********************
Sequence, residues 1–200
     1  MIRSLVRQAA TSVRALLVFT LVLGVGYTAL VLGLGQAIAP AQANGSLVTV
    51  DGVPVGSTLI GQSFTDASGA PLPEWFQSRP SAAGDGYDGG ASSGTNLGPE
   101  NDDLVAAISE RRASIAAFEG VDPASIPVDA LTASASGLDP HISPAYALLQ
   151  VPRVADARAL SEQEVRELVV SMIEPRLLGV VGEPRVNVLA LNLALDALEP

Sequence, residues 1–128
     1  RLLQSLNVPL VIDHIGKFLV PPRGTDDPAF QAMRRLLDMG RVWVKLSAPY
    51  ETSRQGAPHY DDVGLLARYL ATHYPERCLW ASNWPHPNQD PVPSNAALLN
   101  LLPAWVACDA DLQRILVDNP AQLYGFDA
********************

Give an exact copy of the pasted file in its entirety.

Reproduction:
Sequence, residues 1–200
     1  MIRSLVRQAA TSVRALLVFT LVLGVGYTAL VLGLGQAIAP AQANGSLVTV
    51  DGVPVGSTLI GQSFTDASGA PLPEWFQSRP SAAGDGYDGG ASSGTNLGPE
   101  NDDLVAAISE RRASIAAFEG VDPASIPVDA LTASASGLDP HISPAYALLQ
   151  VPRVADARAL SEQEVRELVV SMIEPRLLGV VGEPRVNVLA LNLALDALEP

Sequence, residues 1–128
     1  RLLQSLNVPL VIDHIGKFLV PPRGTDDPAF QAMRRLLDMG RVWVKLSAPY
    51  ETSRQGAPHY DDVGLLARYL ATHYPERCLW ASNWPHPNQD PVPSNAALLN
   101  LLPAWVACDA DLQRILVDNP AQLYGFDA